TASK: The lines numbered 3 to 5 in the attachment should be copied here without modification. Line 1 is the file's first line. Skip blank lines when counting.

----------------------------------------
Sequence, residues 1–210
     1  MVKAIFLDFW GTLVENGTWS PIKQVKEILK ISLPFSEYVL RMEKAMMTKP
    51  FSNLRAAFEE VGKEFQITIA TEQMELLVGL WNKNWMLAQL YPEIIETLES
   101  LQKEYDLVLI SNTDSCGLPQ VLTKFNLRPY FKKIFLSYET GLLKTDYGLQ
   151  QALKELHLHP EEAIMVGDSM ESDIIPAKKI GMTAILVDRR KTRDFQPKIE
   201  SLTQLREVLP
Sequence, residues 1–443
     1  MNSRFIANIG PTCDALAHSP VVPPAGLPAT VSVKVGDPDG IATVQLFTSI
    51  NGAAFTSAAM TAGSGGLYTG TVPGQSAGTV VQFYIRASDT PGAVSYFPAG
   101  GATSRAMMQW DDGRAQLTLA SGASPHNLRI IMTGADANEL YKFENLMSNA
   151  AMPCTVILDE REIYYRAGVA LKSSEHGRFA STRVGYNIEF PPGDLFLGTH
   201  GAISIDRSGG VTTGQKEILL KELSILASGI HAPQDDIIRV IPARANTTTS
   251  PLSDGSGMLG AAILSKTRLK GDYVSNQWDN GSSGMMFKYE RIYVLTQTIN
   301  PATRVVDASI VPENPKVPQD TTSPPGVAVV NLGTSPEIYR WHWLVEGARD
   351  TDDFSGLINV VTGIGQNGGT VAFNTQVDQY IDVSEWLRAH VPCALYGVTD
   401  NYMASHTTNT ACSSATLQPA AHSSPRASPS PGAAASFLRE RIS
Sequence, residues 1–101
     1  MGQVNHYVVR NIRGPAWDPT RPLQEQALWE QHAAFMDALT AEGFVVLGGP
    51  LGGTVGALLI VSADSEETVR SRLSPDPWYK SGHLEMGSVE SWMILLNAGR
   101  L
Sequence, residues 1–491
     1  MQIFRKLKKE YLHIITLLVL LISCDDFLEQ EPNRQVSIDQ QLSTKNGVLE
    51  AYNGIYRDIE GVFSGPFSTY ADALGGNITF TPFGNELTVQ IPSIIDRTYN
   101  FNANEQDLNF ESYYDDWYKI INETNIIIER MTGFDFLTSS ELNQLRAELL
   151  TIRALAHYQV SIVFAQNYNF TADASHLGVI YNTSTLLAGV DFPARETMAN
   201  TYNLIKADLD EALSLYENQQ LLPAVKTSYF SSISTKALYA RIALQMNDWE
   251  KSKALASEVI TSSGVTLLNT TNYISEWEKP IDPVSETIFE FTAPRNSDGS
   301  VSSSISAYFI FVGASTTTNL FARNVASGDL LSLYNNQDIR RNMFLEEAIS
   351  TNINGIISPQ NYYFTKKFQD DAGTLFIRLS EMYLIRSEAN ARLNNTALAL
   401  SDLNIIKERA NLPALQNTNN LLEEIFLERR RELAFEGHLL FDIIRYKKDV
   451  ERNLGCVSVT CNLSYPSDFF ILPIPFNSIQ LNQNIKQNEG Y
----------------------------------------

    51  FSNLRAAFEE VGKEFQITIA TEQMELLVGL WNKNWMLAQL YPEIIETLES
   101  LQKEYDLVLI SNTDSCGLPQ VLTKFNLRPY FKKIFLSYET GLLKTDYGLQ
   151  QALKELHLHP EEAIMVGDSM ESDIIPAKKI GMTAILVDRR KTRDFQPKIE